Elijah Moholola, the University of Cape Town (UCT) spokesperson, said they looking to develop a different approach to teaching and learning to keep up with the academic year.

Taking that there are those students who may not afford or have access to data, this also aims to take that into account. Online teaching would have low-tech options so that students with low bandwidth connections could participate fully.

“Arrangements are being made by UCT, Universities SA and service providers for zero-rated mobile data to specific UCT online resources, so that students do not have to carry the costs of remote learning,” Moholola said.

Other universities looking to implement these measures have said:

University of Western Cape spokesperson Gasant Abarder said the university had a well-established institutional learning management system, which enabled students to continue studying remotely.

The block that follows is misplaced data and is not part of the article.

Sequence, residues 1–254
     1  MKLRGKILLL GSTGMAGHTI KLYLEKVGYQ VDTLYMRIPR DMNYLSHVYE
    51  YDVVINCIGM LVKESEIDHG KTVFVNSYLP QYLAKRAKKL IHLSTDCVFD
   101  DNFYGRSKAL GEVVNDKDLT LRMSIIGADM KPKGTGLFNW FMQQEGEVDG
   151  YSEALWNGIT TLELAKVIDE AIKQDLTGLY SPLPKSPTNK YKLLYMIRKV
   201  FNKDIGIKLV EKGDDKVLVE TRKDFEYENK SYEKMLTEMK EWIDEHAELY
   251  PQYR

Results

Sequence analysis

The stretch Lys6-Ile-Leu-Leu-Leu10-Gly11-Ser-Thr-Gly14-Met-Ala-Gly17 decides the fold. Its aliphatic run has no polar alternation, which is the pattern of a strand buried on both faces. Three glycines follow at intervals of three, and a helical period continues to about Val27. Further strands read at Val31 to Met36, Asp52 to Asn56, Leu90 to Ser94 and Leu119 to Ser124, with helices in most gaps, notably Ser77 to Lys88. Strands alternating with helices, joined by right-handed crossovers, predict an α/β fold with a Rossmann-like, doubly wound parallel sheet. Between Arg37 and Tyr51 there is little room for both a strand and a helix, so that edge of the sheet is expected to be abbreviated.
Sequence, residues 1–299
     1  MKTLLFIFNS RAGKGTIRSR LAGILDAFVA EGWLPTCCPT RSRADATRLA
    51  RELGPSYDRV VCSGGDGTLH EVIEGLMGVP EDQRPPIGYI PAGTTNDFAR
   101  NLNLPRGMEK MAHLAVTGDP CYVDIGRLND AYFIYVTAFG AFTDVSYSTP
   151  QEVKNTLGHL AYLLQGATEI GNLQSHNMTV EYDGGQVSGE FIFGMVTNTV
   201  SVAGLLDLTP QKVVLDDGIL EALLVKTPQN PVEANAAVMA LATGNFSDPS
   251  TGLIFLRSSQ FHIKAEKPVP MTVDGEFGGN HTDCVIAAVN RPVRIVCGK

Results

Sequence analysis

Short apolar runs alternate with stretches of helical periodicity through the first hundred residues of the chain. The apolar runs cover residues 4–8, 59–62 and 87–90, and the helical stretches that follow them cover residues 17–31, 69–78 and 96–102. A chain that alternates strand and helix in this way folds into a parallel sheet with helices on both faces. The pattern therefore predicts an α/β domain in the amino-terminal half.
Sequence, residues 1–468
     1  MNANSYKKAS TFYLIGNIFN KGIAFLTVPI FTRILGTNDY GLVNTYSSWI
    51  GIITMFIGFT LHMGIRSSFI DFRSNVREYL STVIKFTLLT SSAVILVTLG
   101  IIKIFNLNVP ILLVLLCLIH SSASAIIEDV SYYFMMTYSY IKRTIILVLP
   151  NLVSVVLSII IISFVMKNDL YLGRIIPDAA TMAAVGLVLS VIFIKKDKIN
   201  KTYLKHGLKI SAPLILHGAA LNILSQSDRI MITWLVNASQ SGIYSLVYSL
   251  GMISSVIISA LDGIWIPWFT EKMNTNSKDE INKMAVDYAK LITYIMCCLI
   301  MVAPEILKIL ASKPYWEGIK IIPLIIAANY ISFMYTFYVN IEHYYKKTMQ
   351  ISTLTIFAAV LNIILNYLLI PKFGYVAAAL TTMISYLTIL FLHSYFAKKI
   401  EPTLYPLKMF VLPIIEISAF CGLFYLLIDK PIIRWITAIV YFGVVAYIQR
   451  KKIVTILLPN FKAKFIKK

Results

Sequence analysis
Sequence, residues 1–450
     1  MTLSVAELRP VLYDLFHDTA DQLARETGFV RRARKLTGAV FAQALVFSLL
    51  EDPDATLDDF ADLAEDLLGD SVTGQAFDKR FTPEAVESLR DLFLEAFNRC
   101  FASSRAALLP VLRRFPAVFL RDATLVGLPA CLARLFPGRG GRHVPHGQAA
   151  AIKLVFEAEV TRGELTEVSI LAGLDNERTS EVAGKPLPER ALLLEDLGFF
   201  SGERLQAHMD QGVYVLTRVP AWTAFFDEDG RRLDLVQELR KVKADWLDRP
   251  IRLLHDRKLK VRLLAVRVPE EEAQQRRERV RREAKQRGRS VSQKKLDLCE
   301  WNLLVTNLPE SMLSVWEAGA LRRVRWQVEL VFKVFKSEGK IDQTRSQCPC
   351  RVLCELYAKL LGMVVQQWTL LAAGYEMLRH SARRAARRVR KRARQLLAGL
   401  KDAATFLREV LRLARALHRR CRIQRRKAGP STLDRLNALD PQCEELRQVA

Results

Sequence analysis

• University of Western Cape spokesperson Gasant Abarder said “the university had a well-established institutional learning management system, which enabled students to continue studying remotely.”
  • University of Pretoria (UP) vice-chancellor and principal Professor Tawana Kupe said UP had activated its learning continuity plan through the online teaching and learning channels.

Other: Third case confirmed at UCT

The University of Cape Town has reported its third case of the coronavirus.

“In all three instances, the provincial Department of Health confirmed the cases through the prescribed protocol. The three colleagues involved are in quarantine.

“The Department of Health has also immediately begun contact tracing in the respective cases and those identified as close contacts have been informed and asked to quarantine themselves for two weeks,” Phakeng added.